A letter from schools was sent to San Bernardino parents in January 1931, but it wasn’t about little Billy or Maria misbehaving in class.
In fact, for some it seemed an opportunity of a lifetime – little Billy and Maria were invited to appear in a motion picture to be filmed in their neighborhood.
Sixth Street just west of Mt. Vernon Avenue in San Bernardino was to be transformed into Shantytown, a poor neighborhood where Paramount studios planned to film, “Skippy.” The studio required 40 to 100 youngsters, ages 6 to 12, as background extras for a few days.
The studio would pay each child $3 a day and provide teachers to continue their studies between filming. Kids allowed by parents to participate were interviewed by Paramount workers, though not all were selected.
In those early difficult days of the Great Depression, the money must have been a godsend for parents willing to agree to the studio’s request. It may have also charged up a few would-be stage mothers who saw this as a big break toward their child’s future.
“Skippy” starred 8-year-old Jackie Cooper, who had recently played in the “Our Gang” film series. It was based in part on the popular “Skippy” comic strip drawn by Percy Crosby, focusing on a feisty youngster dealing with the usual youth issues of those difficult days.
Making his film debut was 6-year-old Robert Coogan, brother of the more famous Jackie Coogan, already a successful child star and who later played Uncle Fester of the TV “Addams Family.”
For the local kids, all the hubbub amid the more than 100 studio personnel wasn’t always very exciting.
“They spent the majority of the time in a big motor bus and tents studying their daily lessons under the supervision of a teacher engaged especially to instruct them,” reported the Sun on Jan. 29.
The kids got box lunches at noon while the two stars – Jackie and Robert – went off for lunch at the California Hotel, where they were housed during the filming.
And despite their age, the two young stars were free to be interviewed by reporters on the scene.
“How do you like being a movie actor?” young Robert was asked by United Press correspondent Duane Hennessy. “I’d rather play,” he said.
“But don’t you want to be a big star like (brother Jackie)?”
“Let him have it,” said Coogan, who played “Sooky” in the film.
Los Angeles Record columnist Belman Morin on Jan. 31 described Robert’s stubbornness as he said he’d rather just play with the dogs in the film.
“But you can’t now,” said director Norman Taurog. “We need you in the next scene. Wait until lunch-time when you’re not working.”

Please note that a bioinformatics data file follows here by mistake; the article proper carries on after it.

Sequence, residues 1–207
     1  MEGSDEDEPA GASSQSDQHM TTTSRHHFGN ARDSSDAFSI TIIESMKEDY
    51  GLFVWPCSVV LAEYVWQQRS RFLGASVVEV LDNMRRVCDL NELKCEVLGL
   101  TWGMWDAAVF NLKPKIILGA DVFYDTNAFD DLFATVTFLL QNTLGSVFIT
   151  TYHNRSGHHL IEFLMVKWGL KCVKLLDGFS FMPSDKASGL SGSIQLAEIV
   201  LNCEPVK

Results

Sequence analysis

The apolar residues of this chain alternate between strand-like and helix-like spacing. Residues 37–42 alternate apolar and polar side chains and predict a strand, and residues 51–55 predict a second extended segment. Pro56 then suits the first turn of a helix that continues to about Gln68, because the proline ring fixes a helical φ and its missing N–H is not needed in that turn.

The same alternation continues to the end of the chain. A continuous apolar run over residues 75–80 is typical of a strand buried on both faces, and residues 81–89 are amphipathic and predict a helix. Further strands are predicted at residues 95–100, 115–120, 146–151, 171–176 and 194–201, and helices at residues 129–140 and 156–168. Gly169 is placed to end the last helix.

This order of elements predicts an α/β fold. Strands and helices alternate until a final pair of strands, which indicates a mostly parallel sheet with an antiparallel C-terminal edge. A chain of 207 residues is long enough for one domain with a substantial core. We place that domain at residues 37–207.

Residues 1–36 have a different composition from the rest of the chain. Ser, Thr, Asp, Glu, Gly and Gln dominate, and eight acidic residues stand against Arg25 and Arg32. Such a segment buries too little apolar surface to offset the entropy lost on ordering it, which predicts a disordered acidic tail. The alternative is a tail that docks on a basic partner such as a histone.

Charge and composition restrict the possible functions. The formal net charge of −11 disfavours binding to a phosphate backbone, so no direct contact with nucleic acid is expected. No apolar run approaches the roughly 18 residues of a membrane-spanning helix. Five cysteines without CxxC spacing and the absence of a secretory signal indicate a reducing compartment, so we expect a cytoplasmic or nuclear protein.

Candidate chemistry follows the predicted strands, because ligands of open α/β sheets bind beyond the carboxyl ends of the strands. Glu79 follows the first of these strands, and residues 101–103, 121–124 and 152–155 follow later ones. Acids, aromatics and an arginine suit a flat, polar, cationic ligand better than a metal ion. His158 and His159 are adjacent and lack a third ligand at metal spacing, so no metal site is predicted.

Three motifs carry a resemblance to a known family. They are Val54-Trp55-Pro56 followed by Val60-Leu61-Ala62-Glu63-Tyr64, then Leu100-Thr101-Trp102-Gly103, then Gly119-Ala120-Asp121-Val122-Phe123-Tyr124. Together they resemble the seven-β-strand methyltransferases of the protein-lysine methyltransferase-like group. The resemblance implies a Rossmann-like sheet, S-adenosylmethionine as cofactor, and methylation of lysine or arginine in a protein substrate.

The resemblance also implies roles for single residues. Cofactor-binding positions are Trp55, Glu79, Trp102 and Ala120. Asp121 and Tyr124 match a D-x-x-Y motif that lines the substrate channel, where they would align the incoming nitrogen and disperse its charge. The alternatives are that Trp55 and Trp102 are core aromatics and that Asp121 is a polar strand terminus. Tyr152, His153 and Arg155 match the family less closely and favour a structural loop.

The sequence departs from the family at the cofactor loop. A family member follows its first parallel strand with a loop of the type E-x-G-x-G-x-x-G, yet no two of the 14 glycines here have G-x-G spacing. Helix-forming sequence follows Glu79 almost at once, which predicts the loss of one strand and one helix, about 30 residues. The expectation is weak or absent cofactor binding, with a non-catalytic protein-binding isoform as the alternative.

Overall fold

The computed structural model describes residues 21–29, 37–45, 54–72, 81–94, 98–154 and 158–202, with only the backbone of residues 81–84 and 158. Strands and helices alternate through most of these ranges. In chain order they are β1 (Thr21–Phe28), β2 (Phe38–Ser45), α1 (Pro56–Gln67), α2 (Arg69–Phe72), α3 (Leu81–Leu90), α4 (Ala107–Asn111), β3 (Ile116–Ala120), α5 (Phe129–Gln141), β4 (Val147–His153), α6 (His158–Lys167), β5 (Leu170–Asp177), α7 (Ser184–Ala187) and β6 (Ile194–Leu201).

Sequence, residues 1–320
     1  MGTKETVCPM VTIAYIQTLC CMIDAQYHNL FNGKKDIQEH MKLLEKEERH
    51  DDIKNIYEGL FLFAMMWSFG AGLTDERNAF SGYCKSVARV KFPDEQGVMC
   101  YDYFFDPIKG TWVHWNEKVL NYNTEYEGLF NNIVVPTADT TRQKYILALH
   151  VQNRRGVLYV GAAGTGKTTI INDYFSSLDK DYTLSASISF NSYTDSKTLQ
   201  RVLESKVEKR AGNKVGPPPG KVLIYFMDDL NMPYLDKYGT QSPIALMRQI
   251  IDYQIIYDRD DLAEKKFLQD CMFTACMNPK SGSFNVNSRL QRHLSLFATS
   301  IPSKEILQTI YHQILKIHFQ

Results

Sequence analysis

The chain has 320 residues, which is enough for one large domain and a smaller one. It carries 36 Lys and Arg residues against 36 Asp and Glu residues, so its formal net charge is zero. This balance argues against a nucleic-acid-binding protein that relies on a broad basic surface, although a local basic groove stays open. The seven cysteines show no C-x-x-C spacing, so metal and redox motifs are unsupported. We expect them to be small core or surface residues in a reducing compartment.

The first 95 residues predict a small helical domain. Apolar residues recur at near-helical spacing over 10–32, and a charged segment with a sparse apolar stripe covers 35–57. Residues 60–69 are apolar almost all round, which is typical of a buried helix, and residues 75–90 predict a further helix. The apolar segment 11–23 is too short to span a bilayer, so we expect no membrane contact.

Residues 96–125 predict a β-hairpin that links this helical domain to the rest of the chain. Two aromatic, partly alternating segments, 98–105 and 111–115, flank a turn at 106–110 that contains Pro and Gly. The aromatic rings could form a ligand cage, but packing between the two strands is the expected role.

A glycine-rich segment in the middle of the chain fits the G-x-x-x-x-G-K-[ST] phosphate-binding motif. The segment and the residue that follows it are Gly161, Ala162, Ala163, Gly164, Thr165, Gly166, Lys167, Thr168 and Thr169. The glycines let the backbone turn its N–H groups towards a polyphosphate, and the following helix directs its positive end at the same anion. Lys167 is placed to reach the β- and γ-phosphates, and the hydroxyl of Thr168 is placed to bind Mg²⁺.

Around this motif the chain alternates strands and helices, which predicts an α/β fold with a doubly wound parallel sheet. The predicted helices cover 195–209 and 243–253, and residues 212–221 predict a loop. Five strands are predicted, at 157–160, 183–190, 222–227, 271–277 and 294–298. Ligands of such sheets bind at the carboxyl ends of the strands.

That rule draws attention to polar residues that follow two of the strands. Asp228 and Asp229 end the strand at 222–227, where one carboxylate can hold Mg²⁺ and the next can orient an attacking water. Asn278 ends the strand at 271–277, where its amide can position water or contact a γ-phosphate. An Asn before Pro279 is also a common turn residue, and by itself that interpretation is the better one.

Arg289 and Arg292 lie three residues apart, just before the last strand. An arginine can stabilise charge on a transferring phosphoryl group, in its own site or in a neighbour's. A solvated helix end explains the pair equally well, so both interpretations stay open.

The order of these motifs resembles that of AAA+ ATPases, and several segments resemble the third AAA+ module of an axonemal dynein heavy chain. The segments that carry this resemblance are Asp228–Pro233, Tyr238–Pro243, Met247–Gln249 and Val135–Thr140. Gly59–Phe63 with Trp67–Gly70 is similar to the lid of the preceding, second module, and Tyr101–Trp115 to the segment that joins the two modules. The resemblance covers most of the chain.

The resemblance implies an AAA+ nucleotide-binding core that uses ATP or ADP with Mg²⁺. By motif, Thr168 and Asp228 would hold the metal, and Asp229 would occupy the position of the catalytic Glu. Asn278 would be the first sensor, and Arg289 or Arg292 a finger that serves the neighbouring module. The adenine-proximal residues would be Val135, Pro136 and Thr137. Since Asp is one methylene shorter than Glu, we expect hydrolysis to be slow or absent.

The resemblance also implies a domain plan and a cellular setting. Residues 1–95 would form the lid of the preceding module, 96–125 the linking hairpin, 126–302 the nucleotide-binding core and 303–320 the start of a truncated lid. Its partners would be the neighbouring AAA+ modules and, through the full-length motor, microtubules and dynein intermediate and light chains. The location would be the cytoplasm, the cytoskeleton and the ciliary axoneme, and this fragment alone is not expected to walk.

Young Robert – already exhibiting an arrogance so much a part of being an actor – replied, “You wait until lunch-time when I’m not playing,” wrote Morin, and then he “walked away with hauteur in every step.”
Jackie also butted heads with Taurog, who was his uncle. Taurog was unhappy he couldn’t get a genuine response from Jackie in a touching scene involving a dog.
The director told a worker to take the dog off the set and shoot him in order to get the right emotion out of Jackie. After a shot rang out, Taurog filmed the scene and got an honest and shocked response from his young actor. It turned out the dog wasn’t harmed, but reportedly Jackie held that incident against Taurog for years.
Taurog also got some resistance from neighbors. This was one of the early sound motion pictures, and music from a nearby house constantly interrupted filming.
He had an associate tell the homeowner to shut off the music, but he returned to report, “The lady, she wants money, a lot of money, to stop,” he told Taurog. “She says she has a right to play (the radio) and she’s gonna do it.”
Realizing he was beaten, Taurog sent her $5 – no small sum in those days – enabling filming to quietly resume, reported the Sun on Jan. 30.
“Skippy” ultimately overcame filming issues and debuted on April 3 to very positive responses by audiences. That afternoon a packed matinee of kids enjoyed the film at San Bernardino’s Fox Theater.
The film was such a success that it spawned a sequel, “Sooky,” with Jackie and Robert reprising their earlier roles. San Bernardino was again the location for the movie, which also included local school kids as extras, in October 1931.
Fontana News Roomreported Oct. 3 that the studio was spending more than $5,000 in San Bernardino for “Sooky,” hiring local painters, construction workers, and adult and child extras.
While filming “Sooky,” Jackie got into another row with his uncle over yet another scene where he was supposed to cry on cue.
“Now listen, Jackie. You aren’t giving me your real stuff,” Taurog said. “You’re just trying to be an actor and put over a big scene. That isn’t the way you worked in ‘Skippy.’ ”
“Well, that’s the way I do it over at MGM,” he said, referring to an earlier film role. “And they think it’s swell.”
“Sooky” won no awards, but “Skippy” was nominated for the best film for 1931-32. Jackie became the youngest nominee for an Oscar as lead actor. Taurog – perhaps honored for enduring so much from his young actors – received the Oscar for best director.
San Bernardino briefly became a real movie capital, while “Sooky” was being shot. At the same time, the Santa Fe train station was used for another film, “Shanghai Express,” starring Marlene Dietrich.
The most unusual aspect of that filming was director Josef von Sternberg bringing in 250 Chinese actors by train on Oct. 12 for the scenes at the train station, reported the Sun. “Shanghai Express” was also nominated for an Oscar for best picture.
Joe Blackstock writes on Inland Empire history. He can be reached at email@example.com or Twitter @JoeBlackstock. Check out some of our columns of the past at Inland Empire Stories on Facebook at www.facebook.com/IEHistory.